What is the summary of chapter 3 of To Sir, With Love?

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In chapter 3, the organized meal time for the students is juxtaposed against their raucous dancing in the afternoon. Mr. Braithwaite accepts the teaching job.

At mealtime, Braithwaite notices how the students are grouped by sections of eight. Each section has two students who give out food to the others in their group; they're very orderly and efficient. After lunch, however, the students get 45 minutes to listen to music and dance. The teachers argue over whether it's simple fun and fitness or whether they do it to stay fit to aggravate their teachers.

As Braithwaite and Miss Blanchard watch the dancers, she expresses a wish that she could dance like that. He invites her to dance but she refuses with shock. A student walks over and asks Braithwaite to dance, but he refuses and goes to his meeting with Headmaster Florian.

Florian explains that they believe the students to be "children [who] are merely men and women in the process of development." He says that the development shouldn't be changed or restricted by adults who happen to have some random authority over the students. He also explains that they've been inhibited because they haven't had good food, clothing, or housing. He says that many of their parents are poor and unemployed. Braithwaite is annoyed by this because the students are white and, to Braithwaite, that skin color is the difference between the haves and have-nots.

Braithwaite is impressed when Florian says they try to meet the student's behavioral challenges with care and guidance. He explains that they want the students to learn to speak up so that they can self-moderate and learn to not be rude. He tells him that as long as he follows those guidelines, Braithwaite can run his class anyway that he chooses.

Braithwaite spends the rest of the day observing Mrs. Drew and then goes home for the night. He's excited at the prospect of being a teacher.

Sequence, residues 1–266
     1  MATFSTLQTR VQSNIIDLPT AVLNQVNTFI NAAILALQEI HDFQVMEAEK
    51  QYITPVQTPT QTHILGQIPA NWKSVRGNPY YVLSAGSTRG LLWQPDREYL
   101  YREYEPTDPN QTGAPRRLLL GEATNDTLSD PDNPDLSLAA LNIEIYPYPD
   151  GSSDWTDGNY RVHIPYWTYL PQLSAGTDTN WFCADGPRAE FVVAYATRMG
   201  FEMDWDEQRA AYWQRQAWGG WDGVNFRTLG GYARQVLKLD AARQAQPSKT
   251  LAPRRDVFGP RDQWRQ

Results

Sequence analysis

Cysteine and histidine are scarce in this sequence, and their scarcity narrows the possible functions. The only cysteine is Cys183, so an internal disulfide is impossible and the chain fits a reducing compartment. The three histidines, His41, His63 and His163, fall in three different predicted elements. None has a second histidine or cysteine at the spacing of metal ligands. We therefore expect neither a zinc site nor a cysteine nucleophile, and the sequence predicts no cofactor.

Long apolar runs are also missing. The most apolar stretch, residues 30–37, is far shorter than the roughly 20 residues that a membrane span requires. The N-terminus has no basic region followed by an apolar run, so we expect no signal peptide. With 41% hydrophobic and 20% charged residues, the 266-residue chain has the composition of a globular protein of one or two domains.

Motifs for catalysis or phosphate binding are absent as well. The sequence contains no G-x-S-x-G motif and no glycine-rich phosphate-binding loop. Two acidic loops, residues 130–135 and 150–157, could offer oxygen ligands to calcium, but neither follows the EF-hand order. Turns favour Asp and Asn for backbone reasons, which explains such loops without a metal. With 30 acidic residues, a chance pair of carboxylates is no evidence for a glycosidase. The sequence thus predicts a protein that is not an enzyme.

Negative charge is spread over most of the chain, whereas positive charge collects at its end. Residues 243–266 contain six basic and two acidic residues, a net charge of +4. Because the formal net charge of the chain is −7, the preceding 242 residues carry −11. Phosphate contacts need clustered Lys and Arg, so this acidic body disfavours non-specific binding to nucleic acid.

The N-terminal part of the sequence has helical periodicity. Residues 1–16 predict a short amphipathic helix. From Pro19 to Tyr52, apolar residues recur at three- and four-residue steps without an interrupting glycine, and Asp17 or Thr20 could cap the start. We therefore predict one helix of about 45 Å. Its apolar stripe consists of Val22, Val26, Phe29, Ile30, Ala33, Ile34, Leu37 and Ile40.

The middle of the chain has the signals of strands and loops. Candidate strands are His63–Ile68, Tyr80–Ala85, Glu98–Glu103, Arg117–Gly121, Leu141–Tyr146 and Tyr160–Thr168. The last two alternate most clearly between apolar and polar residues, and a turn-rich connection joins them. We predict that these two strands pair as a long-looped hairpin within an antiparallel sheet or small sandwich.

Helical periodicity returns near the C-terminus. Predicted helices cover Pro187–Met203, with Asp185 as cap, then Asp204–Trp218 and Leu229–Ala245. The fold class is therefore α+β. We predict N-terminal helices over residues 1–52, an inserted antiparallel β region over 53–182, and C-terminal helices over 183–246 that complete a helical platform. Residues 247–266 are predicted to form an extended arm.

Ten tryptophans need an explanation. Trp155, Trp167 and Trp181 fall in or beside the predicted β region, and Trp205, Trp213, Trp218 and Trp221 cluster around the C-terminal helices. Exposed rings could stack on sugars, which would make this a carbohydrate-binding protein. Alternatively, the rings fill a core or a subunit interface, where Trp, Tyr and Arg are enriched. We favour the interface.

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In the dining hall, Mr. Braithwaite observes the students having dinner. It is a very organized affair, with the students seated in groups of eight. Two students are assigned to be the servers for the day, and perform their duties quickly and efficiently. When the meal is over, the students are allowed to use the hall for an informal mid-day dance session, and Mr. Braithwaite, who passes through the dancers with Miss Blanchard on his way to meet with the headmaster, is impressed with their skill and a little discomfitted with the earthy suggestiveness in their movements.

Mr. Florian wastes no time in getting to the point when Mr. Braithwaite comes into his office. In answer to the headmaster's query about if he would like the job, Mr. Braithwaite responds, "I'll have a shot at it." Pleased, Mr. Florian outlines his policy for the school. He says that the majority of the students have had problems with authority in the past and might be classified as "difficult," but he believes that authority based on fear is bound to fail. Mr. Florian points out that the students, for the most part, come from an environment of poverty, and thus do not show much interest in abstract learning. The goal of the school is to establish an atmosphere of disciplined freedom in which the students will learn to speak up for themselves and become prepared to take their places in the working world. Mr. Braithwaite is at first irritated that Mr. Florian is making such a big issue of the students' difficulties, since they are all white, and as such, will never have to deal with the realities of discrimination and racism. After awhile, his irritation passes, and he discovers a sense of respect for the headmaster and his views, as well as some doubt about if they will work. Mr. Braithwaite will be teaching Mr. Hackman's "top class," the oldest students in the school, and will share responsibility for boys' P.T. with the other male teachers. When he returns to the classroom, the other teachers welcome him aboard, although Weston expresses cynical uncertainty as to whether he will be able to handle the precocious students who make up the top class. Mrs. Drew offers to brief Mr. Braithwaite on the daily routine he will be following, and he spends the rest of the afternoon observing in her classroom.

On his way home, Mr. Braithwaite is joyful to have at long last landed a job, and looks forward to "working on terms of dignified equality in an established profession." He had not set out to be a teacher out of "any sense of vocation;" his choice of career had been forced upon him by "the very urgent need to eat," and "a chain of unhappy circumstances" that began immediately after his demobilization from the Royal Air Force (Chapter 3).

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